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Balure Range

(Redirected from Killocraw Range)

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WW2 lookout tower, 2006
Balure Range, Rhunahaorine Point
Quadrant Tower (D on map)
© Johnny Durnan

The Balure Range was a World War II live bombing and firing range located on the western coast of the Kintyre peninsula. The ranges were used for training squadrons posted to HMS Landrail (RAF Machrihanish), and operated both day and night exercises. This contrasts with the Skipness Bombing Range on the eastern coast, which was used for practice runs without live ordnance. Another bombing range has also been described to the south, at Killocraw.

Range targets

Sgor Cainnteach, 2007
Sgor Cainnteach, offshore target
© derek lockhart

The range was equipped with both land and sea targets.

The land targets were sited on Rhunahaorine Point, which extends from Achandriane in the north, now the site of a fish farm, down to Point Sands in the south, now the site of a caravan park. The target area lay within land which bordered Balure Farm, from which the range took its official name.

The sea target was a steel and concrete structure attached to the summit of Sgor Cainnteach, a rocky islet lying approximately half a mile out to sea. Sgor Cainnteach remains offshore, although the target structure has been lost.

The range gained an additional sea target on January 5, 1942, when the former steamship Moncousu was scuttled in the Sound of Gigha. Lloyds War Losses' list the steamship as an ammunition storage ship which suffered damaged from a German air attack on April 29, 1941, and sank the following day. Later refloated, and towed to Kintyre for use as a bombing target.

Supplementing the static land and sea targets were towed targets. Offshore target vessels were towed to the range from a base at West Tarbert pier to the north. Airborne drones were towed to the range by Blackburn Skua aircraft, used as target tugs after being withdrawn from front line duties in 1941, and assigned training duties.

Range facilities

The range was overseen by four brick and concrete quadrant towers, or observation posts, aligned with the land and sea targets. The towers were built to a standard pattern, most likley by Sunleys, the English firm responsible for building the airfield at Machrihanish. Observers, RN or WREN range recorders, from HMS Landrail would record aircraft movements, which they would report to the main bunker on the range. This is described as a concrete and steel structure which had a clear view of all the targets, and lay in line with them. Its reinforced construction was required to ensure the safety of the occupants, as aircraft such as the Fairey Swordfish could be carrying out live fire using machine guns, 20 mm cannon, and 4-inch air-to-surface anti-submarine rockets. Personnel in the main bunker would have collated the movement reports from the quadrant tower observers, calculated speeds and angles of approach, and plotted the progress of exercises on a master chart.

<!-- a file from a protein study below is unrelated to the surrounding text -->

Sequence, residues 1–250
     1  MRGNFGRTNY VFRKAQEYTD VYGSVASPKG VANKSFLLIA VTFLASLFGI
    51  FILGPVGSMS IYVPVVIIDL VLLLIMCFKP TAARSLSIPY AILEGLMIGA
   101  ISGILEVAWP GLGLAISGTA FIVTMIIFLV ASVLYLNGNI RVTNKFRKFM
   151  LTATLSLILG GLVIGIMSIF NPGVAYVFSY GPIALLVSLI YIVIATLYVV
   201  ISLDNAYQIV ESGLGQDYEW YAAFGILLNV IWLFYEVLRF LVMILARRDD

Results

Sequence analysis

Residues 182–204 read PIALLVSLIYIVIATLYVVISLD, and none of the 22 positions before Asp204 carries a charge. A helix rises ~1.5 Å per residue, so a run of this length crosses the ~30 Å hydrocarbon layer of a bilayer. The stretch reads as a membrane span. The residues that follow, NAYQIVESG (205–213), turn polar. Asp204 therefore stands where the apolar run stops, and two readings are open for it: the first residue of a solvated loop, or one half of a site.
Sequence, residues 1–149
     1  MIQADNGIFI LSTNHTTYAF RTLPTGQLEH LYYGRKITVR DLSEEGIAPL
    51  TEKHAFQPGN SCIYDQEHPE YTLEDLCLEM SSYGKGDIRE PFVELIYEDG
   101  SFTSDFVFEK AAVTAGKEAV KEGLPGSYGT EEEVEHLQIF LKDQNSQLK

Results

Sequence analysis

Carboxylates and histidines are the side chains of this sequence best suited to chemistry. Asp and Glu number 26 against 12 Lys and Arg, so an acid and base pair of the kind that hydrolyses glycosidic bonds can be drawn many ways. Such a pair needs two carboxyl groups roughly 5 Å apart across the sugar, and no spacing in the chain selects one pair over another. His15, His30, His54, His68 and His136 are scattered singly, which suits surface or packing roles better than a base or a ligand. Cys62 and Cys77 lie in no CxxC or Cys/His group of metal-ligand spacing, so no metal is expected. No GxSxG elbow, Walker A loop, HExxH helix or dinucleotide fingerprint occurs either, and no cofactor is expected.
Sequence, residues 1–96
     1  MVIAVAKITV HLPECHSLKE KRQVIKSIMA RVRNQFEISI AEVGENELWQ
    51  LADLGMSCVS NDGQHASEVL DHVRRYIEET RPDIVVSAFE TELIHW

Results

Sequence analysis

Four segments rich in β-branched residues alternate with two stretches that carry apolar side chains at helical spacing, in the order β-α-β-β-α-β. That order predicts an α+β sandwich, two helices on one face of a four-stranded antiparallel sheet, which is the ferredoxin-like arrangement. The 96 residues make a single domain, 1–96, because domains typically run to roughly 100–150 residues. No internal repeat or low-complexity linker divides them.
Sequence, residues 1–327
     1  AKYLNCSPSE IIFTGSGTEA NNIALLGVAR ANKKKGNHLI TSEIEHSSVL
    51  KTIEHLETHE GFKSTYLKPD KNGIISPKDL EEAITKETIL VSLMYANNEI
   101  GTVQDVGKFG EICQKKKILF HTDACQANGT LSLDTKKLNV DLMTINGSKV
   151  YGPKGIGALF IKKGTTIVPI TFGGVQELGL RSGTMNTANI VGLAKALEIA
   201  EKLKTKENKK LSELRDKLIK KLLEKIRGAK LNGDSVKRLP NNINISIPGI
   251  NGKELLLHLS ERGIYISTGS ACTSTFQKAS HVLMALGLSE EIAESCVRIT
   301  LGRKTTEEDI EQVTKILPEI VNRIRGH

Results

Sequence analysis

For reference purposes, the observation towers have been identified from northeast to southwest, using the letters A to D. All the quadrant towers appear to have survived, with Tower D pictured. Aerial imagery available from 2005 also appears to show all the towers surviving.

Tower A and target indicator

Tower A (adjacent to the fish farm) was the main range co-ordinator, being in contact with both the aircraft and the other range towers, and would have been responsible for controlling aircraft approaches, which would have been from east, inland of the land based targets.

The tower is a two storey brick and concrete structure west of the A83, 650 metres southwest of Tighnadrochit farm. RAF aerial photography taken in 1947 refers to an adjacent arrow shaped target indicator, south of the tower, but there is no evidence of this in modern aerial imagery.

Tower B

From the modern aerial imagery now available online, there appears to be an unreported quadrant tower visible on the site, lying on a curved track which leads to, and ends, at Tower B. The square outline is clearly defined in the image, close to the shore and facing Sgor Cainnteach. This tower may also have marked the extent of a small bombing range, in conjunction with Tower C, and is mentioned briefly in the report for that tower.

Tower C and target indicator

Tower C is reported as a possible small bombinmg range with target indicator, and is connected to Tower B by a curving path. RAF aerial photography taken in 1947 refers to a target indicator adjacent to Tower C, but there is no evidence of this in modern aerial imagery.

Tower D

Tower D is reported as an observation tower, visible in RAF aerial photography taken in 1947, and approximately 350 metres southeast of Rhunahaorine Point.

Target indicators

Target indicators are referred to on the ground adjacent to Towers A and B. Neither appears to be visible, or reported as surviving, and would be expected to be seen in online aerial views, similar to the indicator which is clearly visible at Skipness).

Control bunker

No information has been found regarding the fate, or precise location, of the steel and concrete control bunker, and there is no obvious evidence of its position on the site.[1]


1 The Myth of the Dummy Airfield and other Military Matters, Duncan McIsaac

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Aerial views



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